I was cajoled into a focus group about a new application for iphones. This application locates poker games. The session was at an apartment in Downtown Los Angeles which overlooked the Staples Center. It was a very nice place, but not necessarily the home of the Sultan of Brunei. The host and entrepeneur behind this program was a professional poker player. He was a young kid, so I was unsure what in his mind constituted a professional. Was he someone who played at dollar games and had a trust fund and no job hence he could call himself a poker pro? So after he asked me a myriad of questions over whether I would buy the app or what it could possess to make it a superior product I asked him what stakes he played.
“I usually play three six limit.”
I was thinking, “This is a pro?” I should then be calling myself a pro. I asked him, “So you sit at a table with 200 bucks?”
He corrected me, ‘No, I play three hundred six hundred limit.” This meant the bets are in increments of $300 the first two rounds of betting and $600 in the last two rounds. My jaw dropped. You would have to sit down at the table with at least $12,000 to have a realistic shot of winning a hand.
I don’t consider myself a materialistic person. Excessive displays of wealth nauseate me. But at the same time throwing money around like it is out of style impresses me. Perhaps it is my inner competitor. If life is a game, then what else quantifies success besides money?
I’m fully aware that most rich people are miserable. Any waiter at a fancy restaurant will gladly back up that statement with a thousand stories about a jerkoff with a five hundred dollar bill who complains vocally throughout all six courses. And if I had a million dollars I would have no idea what to spend it on as comic books and vegan food only cost so much. So why the other day did I have so much admiration for someone with no other quality than vast sums of disposable income?
2 thoughts on “All About The Benjamins”
I don’t think you were admiring, not from the way it sounded. Just atonished at how overly flippant people can be with money. Must be nice to have 12K to potentially lose in a game of poker. But, I imagine he takes this seriously and truly feels he is something special because he knows how to out fox his table competitors. But just like an actor, pro athlete, and pro gamblers, what have you really done for the whole of humanity but help to reinforce a sentiment that life is a competition and only the richest (monetarily) are truly successful?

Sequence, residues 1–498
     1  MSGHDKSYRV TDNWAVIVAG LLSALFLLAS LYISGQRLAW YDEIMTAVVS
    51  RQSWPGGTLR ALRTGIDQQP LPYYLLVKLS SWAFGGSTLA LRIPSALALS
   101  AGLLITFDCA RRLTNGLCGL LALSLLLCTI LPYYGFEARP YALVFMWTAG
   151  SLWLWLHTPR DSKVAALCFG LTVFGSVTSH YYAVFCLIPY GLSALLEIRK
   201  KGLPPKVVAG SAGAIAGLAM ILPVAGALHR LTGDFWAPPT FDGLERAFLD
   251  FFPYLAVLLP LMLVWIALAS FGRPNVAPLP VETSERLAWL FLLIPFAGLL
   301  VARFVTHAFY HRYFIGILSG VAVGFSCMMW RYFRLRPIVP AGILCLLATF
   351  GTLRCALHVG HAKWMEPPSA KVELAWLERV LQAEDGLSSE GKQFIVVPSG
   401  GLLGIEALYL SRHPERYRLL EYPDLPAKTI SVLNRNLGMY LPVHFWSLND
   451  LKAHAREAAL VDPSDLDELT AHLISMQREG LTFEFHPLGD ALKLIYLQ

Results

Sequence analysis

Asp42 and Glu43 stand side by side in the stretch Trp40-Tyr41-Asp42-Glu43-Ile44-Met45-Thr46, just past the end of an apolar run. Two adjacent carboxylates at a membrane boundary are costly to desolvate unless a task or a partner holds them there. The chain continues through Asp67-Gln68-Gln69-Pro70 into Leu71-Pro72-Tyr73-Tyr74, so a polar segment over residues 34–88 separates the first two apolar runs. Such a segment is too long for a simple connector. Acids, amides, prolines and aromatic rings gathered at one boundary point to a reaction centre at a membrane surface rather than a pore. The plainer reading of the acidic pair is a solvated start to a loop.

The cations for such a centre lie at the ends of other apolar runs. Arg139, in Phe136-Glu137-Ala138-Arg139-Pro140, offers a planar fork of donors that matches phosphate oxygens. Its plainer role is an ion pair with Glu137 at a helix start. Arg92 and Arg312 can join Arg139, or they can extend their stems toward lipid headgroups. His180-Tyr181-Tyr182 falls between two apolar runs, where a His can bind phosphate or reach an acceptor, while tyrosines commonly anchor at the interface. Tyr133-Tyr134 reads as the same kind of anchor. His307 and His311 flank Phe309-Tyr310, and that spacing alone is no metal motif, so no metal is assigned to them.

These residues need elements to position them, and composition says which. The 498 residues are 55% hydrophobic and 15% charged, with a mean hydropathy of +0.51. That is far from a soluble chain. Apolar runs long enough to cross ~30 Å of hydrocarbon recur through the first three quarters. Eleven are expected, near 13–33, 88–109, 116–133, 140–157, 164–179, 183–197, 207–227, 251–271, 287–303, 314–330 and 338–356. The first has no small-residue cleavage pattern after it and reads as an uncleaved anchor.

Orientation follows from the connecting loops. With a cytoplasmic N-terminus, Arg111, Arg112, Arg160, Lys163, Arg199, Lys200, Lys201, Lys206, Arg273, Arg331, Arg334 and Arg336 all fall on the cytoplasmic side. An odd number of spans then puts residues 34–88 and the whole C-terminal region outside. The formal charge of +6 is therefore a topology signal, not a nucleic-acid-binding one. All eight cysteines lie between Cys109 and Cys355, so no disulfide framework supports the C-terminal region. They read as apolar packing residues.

I watched Michael Moore’s documentary Capitalism: A Love Story, and it’s amazing at how Capitalism can be, in some regards, just as bad, and in some cases worse, than Communism (aka Socialism). Neither benefits the people, the ones that do all of the work and it kinda lends credulence to the belief I have, for some time now, that we don’t live in a true democracy anymore and may not have for hundreds of years. It just seems more paramount lately.
It would be interesting to see a day come where everyone was suddenly put on the same level, no rich, poor or middle class, and see who survives. Honestly, it would be your hardest workers that know how to get things done and don’t have to spend a lot of time figuring out how to do it. A lot of rich people have the know how, but don’t know how to apply it quickly. While a lot of poor people don’t have the know how, but have nothing to lose. Maybe they would just kill each other off, while the middle class run off and get out of their way (smart).
No, it was definite admiration. The root cause is probably somewhere deep within the recess of my hunter/gatherer gene. Since in our society it’s not so impressive to gather blueberries or hunt down wild boar, the accumulation of cold, hard cash is what sets off that strange conflicting emotion of envy.
I’m always down for a revolution though. Let’s make society into a game. Make money illegal and see who can continue to survive or even prosper. I’m sure all the networks would get in a bidding war to broadcast it.